Now that “No” has prevailed, we may see additional instability in Europe. Prime Minister Renzi has promised to step down, leaving big questions about who will lead Italy and how they will find a new leader. In addition, some of Italy’s largest banks may now be at risk of insolvency, as they have fewer tools for lifting the $380 billion of bad loans that weigh them down.

No one knows what the long-term outcomes of this vote will be for Italy or Europe. We anticipate that some ripples of volatility may wash up on our shores in the process. We hope that, similar to Brexit, the initial market reaction will not last for long and that investors will quickly return to a focus on growth and fundamentals.

How to Move Forward With Confidence

From the first quarter’s stock-market volatility to a number of surprising votes, this year has presented many opportunities for emotions to enter investing. We understand how tempting it may be to sell when equities aren’t performing well —and to pursue greater growth when they are. Ultimately, emotions have no place in investing.

Recently, we’ve spoken to many clients who want to ride the post-election growth train. Just as we’re here to help you from despairing when stocks tumble, we also want to help control euphoria when the markets rally. Rallies can’t continue forever, and impulsive choices can challenge your security. As always, we want you to take the right amount of risk for your unique circumstances and stay focused on the long-term goals that we’re pursuing together.

If you have any questions about how current events are affecting your financial life, we are here to talk. Please contact us any time.

ECONOMIC CALENDAR:

 Monday: ISM Non-Manufacturing Index
Tuesday: International Trade, Productivity and Costs
Wednesday: Gallup U.S. Job Creation Index
Friday: Consumer Sentiment

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What Does Year-End Hold For Our Strengthening Economy? – Weekly Update for November 21, 2016

interest-rates-could-riseFor the second straight week, the major domestic indexes all ended in positive territory: The S&P 500 was up 0.81%, the Dow increased 0.11%, and the NASDAQ added 1.61%. While American indexes performed well, MSCI EAFE’s international equities declined 1.58%.

With the long, drawn-out presidential election behind us, investors are beginning to look past politics and pay closer attention to the economic fundamentals. As we’ve shared in recent market updates, the economy shows many signs of strength and growth. In the past few weeks alone:

Of course, the economy is far from perfect — and growth is still slower than we’d like — but the overarching message is that the economy is doing well.

Thus, we were not surprised this week when Federal Reserve Chair Janet Yellen said an interest rate hike “could well become appropriate relatively soon.” Despite what talking heads might warn on television, you should not be afraid of increasing interest rates.

The last increase, which took place in December 2015, may have contributed to the volatility we experienced at the beginning of this year. However, the markets have certainly recovered from their momentary stumble — with all major domestic indexes posting at least 6% increases year to date.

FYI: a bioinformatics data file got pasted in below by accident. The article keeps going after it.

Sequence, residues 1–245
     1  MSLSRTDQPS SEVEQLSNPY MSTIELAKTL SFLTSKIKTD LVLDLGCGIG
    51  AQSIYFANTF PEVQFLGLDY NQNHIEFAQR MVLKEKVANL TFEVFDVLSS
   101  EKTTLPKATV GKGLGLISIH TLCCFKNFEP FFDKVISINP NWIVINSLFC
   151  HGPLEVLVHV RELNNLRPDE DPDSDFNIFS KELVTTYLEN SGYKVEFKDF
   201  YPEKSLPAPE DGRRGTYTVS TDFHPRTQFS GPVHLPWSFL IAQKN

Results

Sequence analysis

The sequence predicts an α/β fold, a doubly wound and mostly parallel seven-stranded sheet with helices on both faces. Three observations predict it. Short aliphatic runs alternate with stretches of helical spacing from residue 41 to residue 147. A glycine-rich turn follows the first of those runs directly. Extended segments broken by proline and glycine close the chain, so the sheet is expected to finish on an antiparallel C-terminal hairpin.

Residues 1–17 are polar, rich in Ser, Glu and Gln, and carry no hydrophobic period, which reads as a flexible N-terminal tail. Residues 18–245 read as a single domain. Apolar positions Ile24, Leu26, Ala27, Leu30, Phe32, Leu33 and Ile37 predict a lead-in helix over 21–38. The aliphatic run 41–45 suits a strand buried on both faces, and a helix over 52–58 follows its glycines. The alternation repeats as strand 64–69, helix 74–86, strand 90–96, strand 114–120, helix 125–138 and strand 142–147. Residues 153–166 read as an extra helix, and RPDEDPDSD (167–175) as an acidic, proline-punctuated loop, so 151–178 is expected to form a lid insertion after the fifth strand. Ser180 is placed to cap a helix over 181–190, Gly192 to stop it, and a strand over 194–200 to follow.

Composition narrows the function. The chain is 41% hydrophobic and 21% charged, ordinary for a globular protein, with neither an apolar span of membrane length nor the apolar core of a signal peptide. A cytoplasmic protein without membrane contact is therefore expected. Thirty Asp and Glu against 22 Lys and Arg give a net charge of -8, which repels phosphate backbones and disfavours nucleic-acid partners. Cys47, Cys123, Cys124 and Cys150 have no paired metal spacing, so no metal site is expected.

Volatility could increase for a short time after the next interest rate increase, but it also may not. Right now, we see the markets reacting positively despite a 90% chance of the Fed increasing rates next month.

In other words, we believe investors are seeing a potential rate increase as the good news that it is, because it indicates faith in our economy. When Yellen and the Fed decide to raise rates, they are demonstrating belief that the economy is strong enough to move back toward historically normal levels.

We’ve become so accustomed to this post-recession rate world that it’s easy to forget just how unusually low our current 0.5% rate is. Even if we move to 0.75% next month, borrowing money is still incredibly inexpensive, and we have additional room for future increases.

We are heartened to see the economy continue to grow, and President-Elect Trump’s policies may quicken the pace beyond what we’ve experienced in the recovery so far. Of course, as we’ve seen many times this year, a likely outcome isn’t the same as a guaranteed one, so we’ll have to wait and see what the Fed decides in December.

In the meantime, we encourage you to look beyond pundits’ histrionics and headlines to see that our economy is strengthening. We are here to help you make the most of it.

ECONOMIC CALENDAR:

Tuesday: Existing Home Sales
Wednesday: Durable Goods Orders, New Home Sales, Consumer Sentiment
Thursday: Markets Closed for Thanksgiving
Friday: International Trade in Goods

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President Trump and Your Investments – Weekly Update for November 14, 2016

how-will-markets-performLast Tuesday, many Americans watched in great surprise as Donald Trump won our presidential election. Just that day, the New York Times had placed Hillary Clinton’s odds of winning at 85%, based on a range of state and national polls. But, like the Brexit vote this past June, 2016 seems to be the year of unexpected outcomes.